But I do think that if 2016 there was a lot of talk about Clinton’s ad advantage didn’t matter, but I think our own analysis show that there were advertising strategy considerations that if you just take the total volume doesn’t tell the whole story. Right? So Mike has already talked at length about sort of the content focus. We know that a lot of news media coverage talked a lot and Jonathan Ladd and others have shown very clearly that the news media coverage focused primarily on Clinton’s email. And I think her advertising strategy didn’t help this sort of personal focus, because her ads were very largely focused on Donald Trump’s personal characteristics without providing the sort of substantive policy reasons why voters should vote for her.
And again, as Mike said, very well, we don’t necessarily know that that matters, but I think if you have that one sort of consistent focus on an opponent and opponents personal characteristics, I’m not sure that that’s sufficient to bring voters around to your side. The other thing that we did notice is that also in the States that Clinton lost, she more or less ignored those states in terms of advertising. And advertising wasn’t the only way in which she ignored them, obviously. So we want to be careful about oversubscribing effects to advertising. But in Michigan and Wisconsin in particular, Clinton didn’t advertise there until the very last moment. And I think that it could have played a role.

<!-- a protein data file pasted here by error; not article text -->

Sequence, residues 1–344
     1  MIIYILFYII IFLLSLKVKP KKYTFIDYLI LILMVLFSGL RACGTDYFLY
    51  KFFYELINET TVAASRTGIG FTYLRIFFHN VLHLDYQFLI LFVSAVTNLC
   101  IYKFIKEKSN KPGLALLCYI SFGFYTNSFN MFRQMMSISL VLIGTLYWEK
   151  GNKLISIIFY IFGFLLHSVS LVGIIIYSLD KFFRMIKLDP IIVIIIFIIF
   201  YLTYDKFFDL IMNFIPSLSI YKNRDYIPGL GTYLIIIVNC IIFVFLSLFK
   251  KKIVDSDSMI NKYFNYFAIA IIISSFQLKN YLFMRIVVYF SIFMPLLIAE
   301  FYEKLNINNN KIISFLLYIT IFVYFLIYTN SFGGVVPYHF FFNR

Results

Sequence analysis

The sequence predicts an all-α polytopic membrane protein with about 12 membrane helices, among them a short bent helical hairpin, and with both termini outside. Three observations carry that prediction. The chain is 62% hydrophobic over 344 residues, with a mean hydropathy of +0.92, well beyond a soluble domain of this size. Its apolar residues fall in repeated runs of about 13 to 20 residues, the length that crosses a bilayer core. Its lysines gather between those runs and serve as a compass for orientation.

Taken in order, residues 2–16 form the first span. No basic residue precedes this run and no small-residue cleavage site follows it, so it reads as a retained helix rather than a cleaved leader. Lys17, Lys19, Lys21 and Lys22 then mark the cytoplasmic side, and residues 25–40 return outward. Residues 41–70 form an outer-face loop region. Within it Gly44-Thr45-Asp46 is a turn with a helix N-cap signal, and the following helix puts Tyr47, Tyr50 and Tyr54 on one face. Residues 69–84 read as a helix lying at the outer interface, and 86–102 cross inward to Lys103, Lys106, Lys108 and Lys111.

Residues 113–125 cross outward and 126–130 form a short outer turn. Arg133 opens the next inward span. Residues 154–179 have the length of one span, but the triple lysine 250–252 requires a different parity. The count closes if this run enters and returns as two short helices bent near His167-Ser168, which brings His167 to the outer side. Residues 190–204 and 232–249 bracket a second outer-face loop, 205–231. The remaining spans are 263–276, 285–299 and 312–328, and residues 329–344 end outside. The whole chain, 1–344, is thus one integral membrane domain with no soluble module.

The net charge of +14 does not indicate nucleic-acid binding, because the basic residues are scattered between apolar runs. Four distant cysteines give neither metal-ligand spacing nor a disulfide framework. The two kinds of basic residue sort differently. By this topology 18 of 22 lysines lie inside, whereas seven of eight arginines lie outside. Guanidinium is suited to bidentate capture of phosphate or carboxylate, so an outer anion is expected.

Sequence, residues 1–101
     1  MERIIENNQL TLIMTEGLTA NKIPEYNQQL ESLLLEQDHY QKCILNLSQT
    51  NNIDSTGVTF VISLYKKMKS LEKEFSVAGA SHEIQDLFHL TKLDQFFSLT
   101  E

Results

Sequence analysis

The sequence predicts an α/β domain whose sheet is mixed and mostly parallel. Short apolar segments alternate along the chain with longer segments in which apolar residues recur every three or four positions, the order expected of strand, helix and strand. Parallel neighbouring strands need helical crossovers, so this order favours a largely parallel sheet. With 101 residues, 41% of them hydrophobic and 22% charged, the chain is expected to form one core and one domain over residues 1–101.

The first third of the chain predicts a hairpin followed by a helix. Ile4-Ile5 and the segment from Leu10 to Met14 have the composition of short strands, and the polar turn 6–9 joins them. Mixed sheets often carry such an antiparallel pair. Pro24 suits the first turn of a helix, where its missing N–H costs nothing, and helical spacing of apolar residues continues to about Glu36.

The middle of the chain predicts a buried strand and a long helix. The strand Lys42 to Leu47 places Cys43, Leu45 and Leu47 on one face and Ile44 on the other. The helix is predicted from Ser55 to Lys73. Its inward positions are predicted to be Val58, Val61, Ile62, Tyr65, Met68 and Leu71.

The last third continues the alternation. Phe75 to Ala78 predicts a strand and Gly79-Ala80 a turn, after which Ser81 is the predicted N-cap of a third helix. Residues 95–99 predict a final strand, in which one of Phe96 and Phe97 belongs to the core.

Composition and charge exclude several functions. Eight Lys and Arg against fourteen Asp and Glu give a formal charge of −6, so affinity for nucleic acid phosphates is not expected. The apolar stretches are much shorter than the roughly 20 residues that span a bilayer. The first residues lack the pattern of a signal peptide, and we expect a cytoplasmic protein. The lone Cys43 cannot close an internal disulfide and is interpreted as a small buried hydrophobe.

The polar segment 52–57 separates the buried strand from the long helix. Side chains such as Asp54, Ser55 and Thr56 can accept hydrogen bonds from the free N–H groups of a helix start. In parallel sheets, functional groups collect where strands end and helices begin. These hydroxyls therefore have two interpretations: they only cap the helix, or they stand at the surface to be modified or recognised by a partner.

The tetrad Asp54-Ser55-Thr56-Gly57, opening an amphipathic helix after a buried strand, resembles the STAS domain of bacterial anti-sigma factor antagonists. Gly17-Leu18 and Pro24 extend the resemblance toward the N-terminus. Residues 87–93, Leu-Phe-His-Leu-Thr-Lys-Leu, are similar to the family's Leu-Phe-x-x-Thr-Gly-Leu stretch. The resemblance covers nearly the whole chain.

Matt Grossmann: In 2020 so far, the big trend is Bloomberg and Steyer doing an amazing amount of advertising and experiment of sorts for scholars.
Erika Franklin Fowler: In 2020, I think if we were to take out Bloomberg and Steyer, I do think it would look more similar to prior years, but in fact, absent Bloomberg and Steyer we would probably talking about declines in television spending. It’s hard to say because obviously Bloomberg and Steyer are both advertising… They’re blanketing airwaves and investing heavily, which is driving costs and frequency up. It’s hard to sort of overstate the extent to which Bloomberg in particular is blowing away the competition, both from his democratic competitors, even including Steyer, but also in comparison to Donald Trump’s spending both on television and on Facebook and Google.